During his election campaign, and his term so far as President of he United Staes, Donald Trump has continually pointed at Mexicans, Hispanics, and Muslims as a threat. In Canada’s last federal elections The Progressive Conservative Party pointed to the threat of muslims and the need to have anonymous hot lines to call authorities and report suspicious behaviour. We see in the recent news that the Mayor of Toronto and London are complaining to the federal government about the need for more money for refugees and on facebook there are posts, by partisan organizations, that we worry more about immigrants than veterans.

This makes us feel unsafe and unsure. We’re already worried about keeping a job and putting food on the table while across the world we are seeing the largest refugee crisis since World War Two. We hear public statements by some in the media about refugees and immigrants being a threat. We see governments in the west close their borders and become more insular. And we see the heartache and strife of people fleeing death and famine used as a political football. We grow fearful, feel threatened, and turn away.

Why did a Toronto Police Officer recently say to someone if you can’t drive properly then go back to you own country. Some ask why are these people coming here? Why are they taking our jobs? Why don’t they fix their own countries? Why do we see fake stories on facebook about veterans ( or seniors in some cases) not getting the help they need yet refugees get free houses? More and more , in coffee shops, the media , and amongst some people In my own family I hear ”Why can’t they just go back to their own countries?”

Warsan Shire, in her book Teaching My Mother How to Give Birth, wrote “No one leaves home unless home is the mouth of a shark.” Refugees who flee to Europe, The United States, and Canada do so for a powerful reason. Survival and the hope of a life for their children and loved ones beyond the teeth of the shark.

I know things are tough and people are getting more and more worried. But if your neighbours house has burned down and they need a place to stay do you turn out the lights and pretend your not home? Ask for a credit card and payment? Of course not. So why are we acting this way when whole countries are in flames? Why are we drawing away from those in desperate need when they have never needed our help more? Why are we turning out the lights and locking the door when our niegahbours house has burned down?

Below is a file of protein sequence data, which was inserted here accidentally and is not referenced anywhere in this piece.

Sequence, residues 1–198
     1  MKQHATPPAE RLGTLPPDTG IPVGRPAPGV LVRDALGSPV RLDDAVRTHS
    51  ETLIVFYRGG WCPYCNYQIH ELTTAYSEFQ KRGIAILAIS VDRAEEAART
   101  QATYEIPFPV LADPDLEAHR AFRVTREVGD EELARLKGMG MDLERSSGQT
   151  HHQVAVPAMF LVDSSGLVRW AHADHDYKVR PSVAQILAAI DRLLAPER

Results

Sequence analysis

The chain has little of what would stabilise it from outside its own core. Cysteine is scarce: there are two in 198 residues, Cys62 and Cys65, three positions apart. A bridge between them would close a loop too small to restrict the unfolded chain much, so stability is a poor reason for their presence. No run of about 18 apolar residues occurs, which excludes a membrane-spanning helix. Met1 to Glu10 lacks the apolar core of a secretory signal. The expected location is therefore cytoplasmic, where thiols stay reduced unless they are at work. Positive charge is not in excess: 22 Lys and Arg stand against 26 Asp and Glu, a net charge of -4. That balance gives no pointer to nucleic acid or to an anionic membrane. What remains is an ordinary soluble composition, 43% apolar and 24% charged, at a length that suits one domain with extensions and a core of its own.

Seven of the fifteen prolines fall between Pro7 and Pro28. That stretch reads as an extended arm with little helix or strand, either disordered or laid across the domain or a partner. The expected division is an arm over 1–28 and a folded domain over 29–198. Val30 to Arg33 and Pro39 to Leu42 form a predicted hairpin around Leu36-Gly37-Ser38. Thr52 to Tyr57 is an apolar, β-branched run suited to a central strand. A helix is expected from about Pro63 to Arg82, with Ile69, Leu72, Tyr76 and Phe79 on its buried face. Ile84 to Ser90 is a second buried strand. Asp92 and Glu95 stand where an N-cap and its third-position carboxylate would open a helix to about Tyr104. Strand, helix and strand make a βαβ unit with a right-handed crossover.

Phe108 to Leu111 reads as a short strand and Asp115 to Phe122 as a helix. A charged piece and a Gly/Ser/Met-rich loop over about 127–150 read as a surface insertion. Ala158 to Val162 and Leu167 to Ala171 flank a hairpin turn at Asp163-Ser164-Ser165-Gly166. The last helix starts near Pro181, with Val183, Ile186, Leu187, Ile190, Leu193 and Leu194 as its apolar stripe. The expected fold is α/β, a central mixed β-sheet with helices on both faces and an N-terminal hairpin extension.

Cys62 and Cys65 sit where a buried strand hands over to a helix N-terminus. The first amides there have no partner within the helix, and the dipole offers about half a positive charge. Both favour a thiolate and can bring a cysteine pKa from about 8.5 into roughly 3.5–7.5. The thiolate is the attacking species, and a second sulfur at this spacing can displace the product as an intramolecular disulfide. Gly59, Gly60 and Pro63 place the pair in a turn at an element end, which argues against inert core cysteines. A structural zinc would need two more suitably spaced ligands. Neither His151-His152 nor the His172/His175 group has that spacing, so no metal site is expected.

Ralph Waldo Emerson  said “You cannot do a kindness too soon because you never know how soon it will be too late.” For so many across the globe it’s already too late. But for families that are seeking a life free from fear, starvation, oppression, and death we need to turn the lights back on and answer the knock at the door. Otherwise we leave them to the sharks and we’re better than that. Aren’t we?\

Ontario The Selfish

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So the morning after the night before and all I feel..…well what I feel is complicated. Ontario took the time to think it through and then choose Doug Ford and a Progressive Conservative Majority Government. I am not mad at Mr.Ford for his campaign. He took the time to judge what Ontarian’s were really about and what they really wanted and then ran a campaign that shot him to a convincing majority win. No Mr.Ford and team played this election brilliantly.

But my fellow Ontarian’s? What does this election say about us as a province? Well I think it is absolutely clear. What this election says about the majority of Ontarian’s who cast a ballot and elected Mr.Ford is that we are selfish, inward looking, and spiteful. Ontario the small minded . Ontario the indifferent. Ontario the Province of “it’s all about me!”

Ontario elected a Premiere who will hack the funding for the services for the most vulnerable amongst us. Claw back funding for the homeless, the addicted, those with a mental illness, those with a physical disability, and those in precarious work. The majority of Ontario’s would rather elect a leader and look past the very serious questions about his suitability for the Office and focus on the tax cuts, what they will get, and throwing a tantrum over the Liberals. Because in Ontario it’s all about me.

Now some might say “ we needed to do this to kick start our economy!”  Ontario’s economy s the strongest n the G7 and even stronger than California’s,. So nope – that’s a lie. “We have to help the average Ontarian that’s why we needed to elect the Conservatives! “. Well no that can’t possible be true since the majority of employment in Ontario are those who work in the service industry and are precariously employed. Mr.Ford has said he doesn’t support minimum wage increases so – thats a lie as well. Someone might say “Our taxes are too high and the average person can’t get by so we need a PC government.” Well the “average person” will see a tax decrease of $18 dollars and for that $18 your going to have to stand there and watch as Mr.Ford cuts 6 billion dollars from government services , and when that happens it’s always the most vulnerable that feel that effects . So enjoy your $18 – but that’s a lie. And there’s always the old chestnut “we have a huge deficit and we need to get our finances under control”. Well let me tell you that I have yet to find a single example of a Canadian or G7 conservative government that “got it’s finances under control”. So nope – that’s a lie.